DUBAI (Reuters) - The funeral of Iranian pop idol Morteza Pashaie on Sunday drew the biggest crowds seen in Iran since mass protests in 2009 rocked the Islamic Republic.
Pashaie, who died on Friday of pancreatic cancer at the age of 30, was a singer-composer who won a big following that crossed Iran’s political and social divides. His music appealed both to Westernized urbanites and the traditionally devout.
Last week, before he died, large crowds of fans poured into the streets of Tehran, holding candle-lit vigils, praying and humming his hit song “One-way Street”, an ode on unrequited love.
His funeral in Tehran on Sunday brought out thousands of Iranians, both supporters of the Islamic government and secular-minded critics, in a rare moment of solidarity in a polarized country.
State television showed Pashaie’s coffin, bedecked in flowers and the Iranian flag, moving toward Behesht-e Zahra cemetery in south Tehran. Mourners in black sobbed, sang and waved his picture on his latest album cover.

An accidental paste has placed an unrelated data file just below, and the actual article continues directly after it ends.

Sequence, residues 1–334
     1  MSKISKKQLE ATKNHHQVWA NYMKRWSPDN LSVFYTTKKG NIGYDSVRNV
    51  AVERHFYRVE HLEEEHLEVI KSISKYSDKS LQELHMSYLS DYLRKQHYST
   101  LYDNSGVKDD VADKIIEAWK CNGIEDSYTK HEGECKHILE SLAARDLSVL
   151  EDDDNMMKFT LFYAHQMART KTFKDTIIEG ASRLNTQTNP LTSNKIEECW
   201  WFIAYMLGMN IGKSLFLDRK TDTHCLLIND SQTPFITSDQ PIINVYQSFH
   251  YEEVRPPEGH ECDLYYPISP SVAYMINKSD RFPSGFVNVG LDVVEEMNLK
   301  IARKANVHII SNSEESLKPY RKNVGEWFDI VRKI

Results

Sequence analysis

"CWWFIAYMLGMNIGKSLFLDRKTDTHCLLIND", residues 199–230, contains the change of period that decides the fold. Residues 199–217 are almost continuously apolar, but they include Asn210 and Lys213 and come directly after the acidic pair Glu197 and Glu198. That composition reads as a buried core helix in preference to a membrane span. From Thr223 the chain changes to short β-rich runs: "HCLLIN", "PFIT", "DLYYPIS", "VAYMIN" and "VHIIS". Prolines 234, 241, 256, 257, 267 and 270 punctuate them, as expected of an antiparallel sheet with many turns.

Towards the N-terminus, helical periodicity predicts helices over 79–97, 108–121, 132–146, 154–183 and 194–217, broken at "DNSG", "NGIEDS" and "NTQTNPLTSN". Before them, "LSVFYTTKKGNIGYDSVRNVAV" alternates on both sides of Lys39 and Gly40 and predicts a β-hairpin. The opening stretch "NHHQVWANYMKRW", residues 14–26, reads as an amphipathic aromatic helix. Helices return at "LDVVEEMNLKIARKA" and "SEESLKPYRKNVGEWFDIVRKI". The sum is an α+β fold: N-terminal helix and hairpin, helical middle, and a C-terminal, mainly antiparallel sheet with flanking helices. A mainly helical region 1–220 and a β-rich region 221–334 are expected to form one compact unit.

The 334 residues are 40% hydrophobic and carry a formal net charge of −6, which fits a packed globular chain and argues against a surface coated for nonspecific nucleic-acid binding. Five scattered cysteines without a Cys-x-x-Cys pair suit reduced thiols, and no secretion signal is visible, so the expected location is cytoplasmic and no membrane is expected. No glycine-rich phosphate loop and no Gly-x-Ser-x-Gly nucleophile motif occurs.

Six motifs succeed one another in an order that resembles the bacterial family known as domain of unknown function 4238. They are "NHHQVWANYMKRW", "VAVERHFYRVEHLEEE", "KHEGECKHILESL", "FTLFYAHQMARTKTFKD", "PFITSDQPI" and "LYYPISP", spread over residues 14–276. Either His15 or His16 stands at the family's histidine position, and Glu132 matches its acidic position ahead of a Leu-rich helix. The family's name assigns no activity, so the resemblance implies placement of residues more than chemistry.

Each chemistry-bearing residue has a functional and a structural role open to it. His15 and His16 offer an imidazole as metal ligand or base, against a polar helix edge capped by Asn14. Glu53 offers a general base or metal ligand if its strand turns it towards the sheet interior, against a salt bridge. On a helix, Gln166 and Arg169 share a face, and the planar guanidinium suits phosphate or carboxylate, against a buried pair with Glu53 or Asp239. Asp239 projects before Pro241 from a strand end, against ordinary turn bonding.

The crowd grew ever bigger as young fans alerted each other by text, disrupting commuter traffic. Many filmed and broadcast through social media in defiance of security forces present in force.
“It was so overcrowded that some planned services had to be canceled. Repeated pleas for cooperation from Pashaie’s father had no effect,” said the official IRNA news agency.
Fearing a repeat of mass demonstrations following ex-president Mahmoud Ahmadinejad’s disputed 2009 re-election, Iranian security forces are vigilant against any planned or impromptu public congregations.
In a country where Western-inspired entertainment is frowned upon as “un-Islamic”, establishment media tried to give a spiritual spin to Pashaie and his work, showing him in acts of prayer or during pilgrimage.
Music has had a difficult time in Iran since the 1979 Islamic revolution. The clergy have allowed traditional Iranian music to be produced and aired, but many young musicians with taste for such popular genres as rock, rap and hip-hop have been forced to go underground.
Reporting by Mehrdad Balali; Editing by Stephen Powell